How do you know if you need an Expert Witness or Litigation Support to help with your workers compensation retrospective plan problem? Employers who use or are involved in retrospective rating plans for workers compensation may eventually face a very expensive reality. That reality usually comes in the form of extensive reserve adjustments that occur years after the end of the retro policy period. Be sure to visit our website page on workers compensation retrospective rating plans where you can learn a great deal about how these plans work. But in this post lets talk about the who, what, when, and why of improper retro adjustments and the associated costs they cause.
In a nutshell, an employer enters into an agreement with an insurance company to provide workers compensation services for its business. These agreements differ from the standard guaranteed cost plans in that the employer pays the insurance company a base premium based on the insurance company projecting its expenses to provide the service. Then when a claim occurs the insurance company claims department handles the claim by paying medical and indemnity costs then turns around and recoup these claim dollars paid by billing the employer for the actual costs incurred. So at the beginning of the policy the employer pays the insurance company its negotiated fee for handling the claims less the actual claim cost which is billed to the employer at a future date. Billing by the insurance company and payment by the employer of the actual claim dollars is accomplished through a process known as a retrospective premium adjustment.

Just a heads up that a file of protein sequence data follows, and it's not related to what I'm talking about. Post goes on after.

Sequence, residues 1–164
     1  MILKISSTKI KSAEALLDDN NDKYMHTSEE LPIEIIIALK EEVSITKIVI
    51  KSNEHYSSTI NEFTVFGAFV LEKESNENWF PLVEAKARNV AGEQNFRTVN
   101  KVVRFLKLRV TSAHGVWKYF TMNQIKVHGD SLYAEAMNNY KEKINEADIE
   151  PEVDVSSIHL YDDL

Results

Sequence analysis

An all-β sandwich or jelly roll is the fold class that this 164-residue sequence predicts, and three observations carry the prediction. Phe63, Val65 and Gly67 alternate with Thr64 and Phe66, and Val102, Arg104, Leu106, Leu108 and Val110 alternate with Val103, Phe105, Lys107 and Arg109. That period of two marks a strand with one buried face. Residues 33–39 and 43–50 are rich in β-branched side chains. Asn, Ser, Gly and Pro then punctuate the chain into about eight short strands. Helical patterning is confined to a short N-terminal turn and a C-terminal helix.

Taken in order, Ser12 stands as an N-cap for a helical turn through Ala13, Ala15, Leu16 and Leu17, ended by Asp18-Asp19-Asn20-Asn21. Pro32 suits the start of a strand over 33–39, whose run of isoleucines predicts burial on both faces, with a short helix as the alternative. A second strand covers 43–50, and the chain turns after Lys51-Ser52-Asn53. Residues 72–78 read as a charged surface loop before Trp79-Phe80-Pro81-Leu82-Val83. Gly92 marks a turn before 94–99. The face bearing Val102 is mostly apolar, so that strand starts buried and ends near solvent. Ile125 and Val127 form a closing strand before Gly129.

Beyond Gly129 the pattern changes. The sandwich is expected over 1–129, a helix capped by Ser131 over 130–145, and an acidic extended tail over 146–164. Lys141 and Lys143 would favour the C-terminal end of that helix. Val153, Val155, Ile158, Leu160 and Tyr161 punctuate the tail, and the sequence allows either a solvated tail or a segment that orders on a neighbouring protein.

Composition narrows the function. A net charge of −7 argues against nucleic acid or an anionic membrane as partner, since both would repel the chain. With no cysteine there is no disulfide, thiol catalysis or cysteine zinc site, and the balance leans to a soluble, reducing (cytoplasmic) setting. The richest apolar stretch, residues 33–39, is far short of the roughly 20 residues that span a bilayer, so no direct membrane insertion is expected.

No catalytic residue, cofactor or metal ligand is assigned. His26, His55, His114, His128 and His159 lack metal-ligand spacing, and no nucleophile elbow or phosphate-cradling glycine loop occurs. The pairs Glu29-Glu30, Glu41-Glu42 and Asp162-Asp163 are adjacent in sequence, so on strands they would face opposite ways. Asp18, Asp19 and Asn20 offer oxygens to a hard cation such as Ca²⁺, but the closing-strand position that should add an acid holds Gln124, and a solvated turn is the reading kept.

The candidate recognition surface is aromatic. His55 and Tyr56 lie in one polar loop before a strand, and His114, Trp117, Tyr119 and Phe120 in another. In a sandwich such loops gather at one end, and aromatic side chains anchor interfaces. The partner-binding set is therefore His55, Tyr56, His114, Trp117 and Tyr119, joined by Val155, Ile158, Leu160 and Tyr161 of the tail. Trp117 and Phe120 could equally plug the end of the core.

Retro adjustments are typically made at scheduled intervals after the expiration of the policy. Six, eighteen and thirty months are somewhat usual. However if the retro remains open then additional future adjustments may continue to be made and the employer will be obligated to continue making payments long after they imagined they would.
Improper retro adjustments are often linked to improper claim handling by the contracted insurance company. Its been estimated that somewhere between 40% – 60% and over of claims settled by the insurance company are done so incorrectly. With retrospective rating, claim dollars paid and reserved by the insurance company have a direct impact on the employers check book. Think about it. When a claim is paid that should not have been, the employer is still presented with a bill from the insurance company who expects it to be paid.
The Problem: The insurance company investigates, pays medical and indemnity (lost wages,) establishes claim reserves and settles claims. The employer has little or no access or contribution during this process. The employer is presented with reserve adjustments and large unexpected additional premium bills long after the retro policy has expired.
These plans are complicated and should be reserved for use by employers schooled in the benefits and pitfalls of their use. They are not for the inexperienced employer!
Hope this helps you out and thanks for reading!